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God taught the sacrifices and meanings to Adam and the knowledge was passed down

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Q. Could you explain what is going on in Gen 4.1-8 with the story of Cain and Abel?

A. This is a very interesting story and there is a lot going on, so we’ll look at this verse by verse so the proper context can be brought out.

Cain and Abel were brothers by Adam and Eve.

They had other siblings (Gen 5.4) not named in Scripture because it wasn’t important.

Abel was a shepherd and Cain was a farmer and in v3 it says they both came to give offerings "at the end of days" in Hebrew which means it could have been a Sabbath or the end of a particular time span.

Knowledge of the type of offerings God required will needed here to understand what is going on and you must look up the words in Hebrew being used here.

A good study of the book of Leviticus will bring that out, so it won’t be discussed here, but it will give insight to what these two were doing.

You see, the sacrifices and what they meant to God did not start with Israel and the book of Leviticus.

God taught them to Adam and this knowledge was passed down.

We see Abraham offering burnt offerings, Jacob offering peace offerings and Moses told Pharaoh they were going out to offer sacrifices to the Lord before the Exodus.

Cain brought an offering from the ground called a "minchah" in Hebrew in v3 which meant it was probably a thank offering involving some sort of bread offering.

Abel on the other hand brought a blood sacrifice and it was a sin offering.

We know whatever was going on, God required a sin offering from Cain also because the Lord had regard for Abel’s offering and did not for Cain.

So, Cain became angry and thought his status as first-born was being rejected also.

This caused him to be very upset.

So the Lord asks Cain "why are you angry?" in v6.

Then in v7 the Lord tells him what to do.

He says "If you do well" meaning if Cain was innocent and blameless his thank offering would have been accepted, but he needed a sin offering and then he would feel better because it would have been accepted also.

But the Lord said "if you don’t do well, sin is crouching at the door."

Now, what He is saying is this.

In Hebrew, the word for sin there is "chata’at" which means a sin offering.

The translators of the KJV and NASB just use the English word "sin" but sin offering is implied.

You see this many places in the Bible, for instance in Hosea 4.8 it says "they feed on the sin of my people" but it should be translated "sin offering" and the same thing happened in Gen 4 7.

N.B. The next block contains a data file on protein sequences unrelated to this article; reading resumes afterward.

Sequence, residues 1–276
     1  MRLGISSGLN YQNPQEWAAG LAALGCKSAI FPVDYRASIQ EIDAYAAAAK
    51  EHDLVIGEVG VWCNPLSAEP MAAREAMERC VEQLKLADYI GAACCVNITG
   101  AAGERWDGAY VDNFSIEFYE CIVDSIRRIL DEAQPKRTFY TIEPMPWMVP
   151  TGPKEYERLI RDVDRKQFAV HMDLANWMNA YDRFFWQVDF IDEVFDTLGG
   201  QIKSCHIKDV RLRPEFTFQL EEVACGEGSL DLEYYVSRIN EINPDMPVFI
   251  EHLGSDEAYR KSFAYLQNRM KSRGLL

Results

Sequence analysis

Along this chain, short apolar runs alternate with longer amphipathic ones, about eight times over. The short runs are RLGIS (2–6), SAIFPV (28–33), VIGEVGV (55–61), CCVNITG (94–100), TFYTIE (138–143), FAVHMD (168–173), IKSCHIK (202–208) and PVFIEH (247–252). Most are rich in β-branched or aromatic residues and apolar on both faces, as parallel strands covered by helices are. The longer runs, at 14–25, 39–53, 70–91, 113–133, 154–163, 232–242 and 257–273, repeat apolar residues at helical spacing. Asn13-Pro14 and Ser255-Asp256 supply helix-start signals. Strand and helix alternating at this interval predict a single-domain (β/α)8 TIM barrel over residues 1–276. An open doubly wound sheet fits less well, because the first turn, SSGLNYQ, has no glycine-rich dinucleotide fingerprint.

Another example of this is 2 Cor 5.21 where it says Yeshua became sin but it means "sin offering" which gives it a whole different meaning.

Yehsua didn’t become sin, that would have made Him a defective offering of Himself.

Ephesians 2.14 says that Yeshua "is our peace" but it means our peace offering, a "shelem" in Hebrew.

In Isaiah 53.10-11 it says that he rendered himself as a "guilt offering" or "asham" in Hebrew (NASB).

There are many more examples of this.

So, God was requiring a sin offering from Cain and that is why his offering was not accepted, it had nothing to do with his rejection of Cain as first-born.

He then goes on to say that the sin offering is "crouching" meaning "stretched out in submission" at "the door," or available, for him to offer right now.

The verse ends with "and unto you (Cain) shall his (Abel) desire be, and you (Cain) shall rule over him (Abel)."

As first-born he had ruled over Abel.

Cain feared that Abel’s offering being accepted changed this.

God tried to rest his fears.

All he had to do was bring the lamb but Cain’s pride got in the way, so he decided to take matters into his own hands and killed Abel, thus restoring himself back into first-born status.

That’s what it means in Jude 11 when he talks about "the way of Cain.."

It is simply our pride that gets in the way of doing what God wants us to do, and many have gone that way, too.

Well, Cain’s plan didn’t work and he was driven away.

To study the Scriptures requires many things.

You will have to understand history, the languages, culture, geography, the Temple and it’s sacrifices and biblical time.

You have to read the Scriptures as if you were there at the time it was written and you need a teacher.

I want to encourage you and anyone who reads these articles to do that and you will move from one who could tell someone what God said to someone who can tell someone what God means, they are two different things.

I hope this helps and thanks for the question.


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Nelson Propane

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